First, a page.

Title: The True Game
Author: Sheri S. Tepper
Publisher: Ace Books
Date Published: 1996
ISBN: 0-441-00331-1
Length: 501 pages

I found this book by accident, actually, wandering around the silent back rooms of my university library's special collections, looking for something else. It was hidden in one of the farthest rooms of all, in the section for children's books, although it's hardly a children's book, really. It's actually a 3-in-1 trilogy consisting of the books King's Blood Four, Necromancer Nine, and Wizard's Eleven, previously published in the 1980s. Although Sheri Tepper usually writes standalone novels, this book fits very well together in one volume and could even be considered one book in three parts due to the continuity of the overall plot. Also, there are six other books that continue the story beyond this book: a trilogy from the point of view of Mavin, called Manyshaped because she is a Shifter, and a trilogy from the point of view of Jinian, a Wizard girl who does not appear until Wizard's Eleven in this book. These books are called respectively: Dervish Daughter, Jinian Footseer, Jinian Star-Eye; and The Song of Mavin Manyshaped, The Flight of Mavin Manyshaped, and The Search of Mavin Manyshaped.

Most of Tepper's novels involve a particular planet (sometimes Earth itself, often not) with a secret that the main character (usually female) must find out to save the world from destruction by various forms of evil, often environmentally related. Her novels usually have strong feminist and environmental themes, but this book does not, although it does have its own set of creatures unique to the world and having a starfish-shaped structure. Perhaps this was one of her earlier works and she was still exploring her own ideas before writing the masterpieces that anyone who knows her work is familiar with, like Gibbon's Decline and Fall or Six Moon Dance. This is one of her only books with a male protagonist. In any case, while being a completely different sort of book than her usual, this story is also a gem in its own right.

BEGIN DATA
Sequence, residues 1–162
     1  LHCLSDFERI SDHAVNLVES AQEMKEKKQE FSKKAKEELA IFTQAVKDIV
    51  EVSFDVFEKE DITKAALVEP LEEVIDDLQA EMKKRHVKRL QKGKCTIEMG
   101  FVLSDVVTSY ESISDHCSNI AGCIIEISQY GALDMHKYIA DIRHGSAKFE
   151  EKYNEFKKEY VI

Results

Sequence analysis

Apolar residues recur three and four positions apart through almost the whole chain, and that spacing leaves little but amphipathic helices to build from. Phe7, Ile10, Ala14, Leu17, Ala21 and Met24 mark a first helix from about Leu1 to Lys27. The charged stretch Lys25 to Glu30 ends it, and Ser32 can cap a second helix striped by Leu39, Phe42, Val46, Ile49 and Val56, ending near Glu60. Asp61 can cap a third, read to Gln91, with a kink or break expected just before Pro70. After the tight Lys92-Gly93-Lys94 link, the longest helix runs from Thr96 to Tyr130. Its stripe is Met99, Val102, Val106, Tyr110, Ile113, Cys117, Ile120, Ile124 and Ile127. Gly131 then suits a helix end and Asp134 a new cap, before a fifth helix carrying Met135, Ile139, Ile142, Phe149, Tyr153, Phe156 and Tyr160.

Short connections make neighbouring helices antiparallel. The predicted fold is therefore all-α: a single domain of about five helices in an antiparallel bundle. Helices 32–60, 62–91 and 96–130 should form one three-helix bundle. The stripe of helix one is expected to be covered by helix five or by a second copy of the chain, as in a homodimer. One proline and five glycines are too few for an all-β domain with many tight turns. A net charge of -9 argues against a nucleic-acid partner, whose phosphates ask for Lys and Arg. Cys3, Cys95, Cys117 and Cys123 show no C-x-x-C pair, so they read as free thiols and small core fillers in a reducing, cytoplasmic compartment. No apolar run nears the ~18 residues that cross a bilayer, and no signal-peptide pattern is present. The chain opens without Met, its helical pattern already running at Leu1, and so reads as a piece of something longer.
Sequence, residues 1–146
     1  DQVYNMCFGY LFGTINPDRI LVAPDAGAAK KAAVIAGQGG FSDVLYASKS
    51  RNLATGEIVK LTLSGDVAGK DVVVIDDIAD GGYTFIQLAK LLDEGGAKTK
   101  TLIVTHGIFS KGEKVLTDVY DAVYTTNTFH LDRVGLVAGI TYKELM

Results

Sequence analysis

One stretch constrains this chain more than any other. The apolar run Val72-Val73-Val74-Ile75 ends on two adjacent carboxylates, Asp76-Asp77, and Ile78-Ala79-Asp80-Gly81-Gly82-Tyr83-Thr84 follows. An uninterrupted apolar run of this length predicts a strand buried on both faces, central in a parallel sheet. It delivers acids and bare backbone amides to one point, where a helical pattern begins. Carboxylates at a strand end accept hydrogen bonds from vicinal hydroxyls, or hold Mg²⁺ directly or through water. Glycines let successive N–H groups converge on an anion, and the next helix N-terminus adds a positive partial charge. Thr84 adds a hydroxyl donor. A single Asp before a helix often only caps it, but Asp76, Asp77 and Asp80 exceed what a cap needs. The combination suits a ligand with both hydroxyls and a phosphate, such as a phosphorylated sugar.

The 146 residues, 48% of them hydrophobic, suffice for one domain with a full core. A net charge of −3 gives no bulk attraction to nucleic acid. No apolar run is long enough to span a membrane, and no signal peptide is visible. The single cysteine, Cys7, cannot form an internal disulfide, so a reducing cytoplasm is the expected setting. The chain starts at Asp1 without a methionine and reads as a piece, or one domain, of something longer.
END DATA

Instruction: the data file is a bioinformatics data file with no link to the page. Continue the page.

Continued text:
Written in first person (where most of her books except the other True Game trilogies are in third person), we see into the mind of a boy, Peter, who at the beginning of the story is struggling with discovering his particular Talent at Mertyn's House, a school that teaches the True Game. Anyone who has a Talent is part of this Game and can become involved in Games on various scales at any time. As a teaching tool, the Game becomes something like chess, with various pieces that are moved in certain ways and have certain abilities and characteristics. It is such a part of the society, however, that virtually everything revolves around the rules of the Game. Most common roles of a medieval society are filled by various Gamesmen, who as Peter learns on his journeys have various strengths and combinations of eleven distinct Talents. These Talents are: Reading (telepathy), Flying, Necromancy, Beguilement, Healing, Moving (telekinesis), Seeing (clairvoyance/foresight), Travel (teleportation), Sorcery (power storage), Firestarting, and Shapeshifting. For example, Armigers, one of the primary Gamesmen, have only Flying, but they are very good at it. Heralds have Moving and Flying because their main duty is to fly above a Game or other event and declare participants and reasons and the like, making themselves audible by Moving the air. Most Gamesmen have two to four talents which may vary in strength.